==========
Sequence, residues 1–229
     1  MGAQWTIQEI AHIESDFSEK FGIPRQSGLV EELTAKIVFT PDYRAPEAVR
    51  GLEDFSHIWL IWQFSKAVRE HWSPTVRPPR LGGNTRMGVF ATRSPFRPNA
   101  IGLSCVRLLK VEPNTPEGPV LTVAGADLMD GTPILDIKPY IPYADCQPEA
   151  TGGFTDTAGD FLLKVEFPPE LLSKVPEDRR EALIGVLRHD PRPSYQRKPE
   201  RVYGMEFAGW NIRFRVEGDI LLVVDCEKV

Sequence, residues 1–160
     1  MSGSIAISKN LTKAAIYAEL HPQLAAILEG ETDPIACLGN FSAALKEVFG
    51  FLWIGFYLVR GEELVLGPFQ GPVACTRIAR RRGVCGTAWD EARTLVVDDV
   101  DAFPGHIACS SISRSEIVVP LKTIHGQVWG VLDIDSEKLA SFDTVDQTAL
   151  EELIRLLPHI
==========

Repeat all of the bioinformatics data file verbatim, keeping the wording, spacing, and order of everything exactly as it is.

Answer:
Sequence, residues 1–229
     1  MGAQWTIQEI AHIESDFSEK FGIPRQSGLV EELTAKIVFT PDYRAPEAVR
    51  GLEDFSHIWL IWQFSKAVRE HWSPTVRPPR LGGNTRMGVF ATRSPFRPNA
   101  IGLSCVRLLK VEPNTPEGPV LTVAGADLMD GTPILDIKPY IPYADCQPEA
   151  TGGFTDTAGD FLLKVEFPPE LLSKVPEDRR EALIGVLRHD PRPSYQRKPE
   201  RVYGMEFAGW NIRFRVEGDI LLVVDCEKV

Sequence, residues 1–160
     1  MSGSIAISKN LTKAAIYAEL HPQLAAILEG ETDPIACLGN FSAALKEVFG
    51  FLWIGFYLVR GEELVLGPFQ GPVACTRIAR RRGVCGTAWD EARTLVVDDV
   101  DAFPGHIACS SISRSEIVVP LKTIHGQVWG VLDIDSEKLA SFDTVDQTAL
   151  EELIRLLPHI